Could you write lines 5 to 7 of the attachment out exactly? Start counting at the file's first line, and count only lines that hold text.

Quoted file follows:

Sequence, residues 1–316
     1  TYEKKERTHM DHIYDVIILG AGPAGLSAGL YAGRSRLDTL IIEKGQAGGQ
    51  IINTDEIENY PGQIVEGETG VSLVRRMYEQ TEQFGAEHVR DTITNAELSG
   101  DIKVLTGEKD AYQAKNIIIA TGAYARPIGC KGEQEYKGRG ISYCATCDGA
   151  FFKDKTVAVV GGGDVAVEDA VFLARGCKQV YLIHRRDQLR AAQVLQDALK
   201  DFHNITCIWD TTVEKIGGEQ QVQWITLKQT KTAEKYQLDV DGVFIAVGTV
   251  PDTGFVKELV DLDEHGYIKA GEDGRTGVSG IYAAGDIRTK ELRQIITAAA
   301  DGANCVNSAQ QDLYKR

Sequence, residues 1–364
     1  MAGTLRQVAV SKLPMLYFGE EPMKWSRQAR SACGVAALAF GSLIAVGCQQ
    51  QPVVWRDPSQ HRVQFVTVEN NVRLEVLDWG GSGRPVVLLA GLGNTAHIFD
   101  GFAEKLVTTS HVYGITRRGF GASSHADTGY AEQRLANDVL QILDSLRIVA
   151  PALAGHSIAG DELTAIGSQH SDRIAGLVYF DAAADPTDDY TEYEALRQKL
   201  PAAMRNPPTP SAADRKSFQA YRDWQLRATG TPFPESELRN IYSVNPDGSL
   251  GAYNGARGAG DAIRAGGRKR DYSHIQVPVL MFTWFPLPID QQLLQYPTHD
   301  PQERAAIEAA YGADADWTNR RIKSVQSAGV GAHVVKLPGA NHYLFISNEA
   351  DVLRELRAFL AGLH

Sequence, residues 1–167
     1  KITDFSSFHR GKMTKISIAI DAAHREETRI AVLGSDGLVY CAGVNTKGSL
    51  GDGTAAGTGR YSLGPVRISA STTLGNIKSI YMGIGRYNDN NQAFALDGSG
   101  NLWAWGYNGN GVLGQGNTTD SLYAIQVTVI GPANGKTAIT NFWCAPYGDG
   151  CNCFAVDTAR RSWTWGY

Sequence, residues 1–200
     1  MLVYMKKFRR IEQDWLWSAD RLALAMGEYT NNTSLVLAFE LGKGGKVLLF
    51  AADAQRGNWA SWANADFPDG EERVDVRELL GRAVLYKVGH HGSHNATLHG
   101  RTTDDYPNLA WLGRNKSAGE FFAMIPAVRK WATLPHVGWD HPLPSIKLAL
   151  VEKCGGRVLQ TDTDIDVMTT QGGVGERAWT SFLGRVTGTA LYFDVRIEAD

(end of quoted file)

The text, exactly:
   151  FFKDKTVAVV GGGDVAVEDA VFLARGCKQV YLIHRRDQLR AAQVLQDALK
   201  DFHNITCIWD TTVEKIGGEQ QVQWITLKQT KTAEKYQLDV DGVFIAVGTV
   251  PDTGFVKELV DLDEHGYIKA GEDGRTGVSG IYAAGDIRTK ELRQIITAAA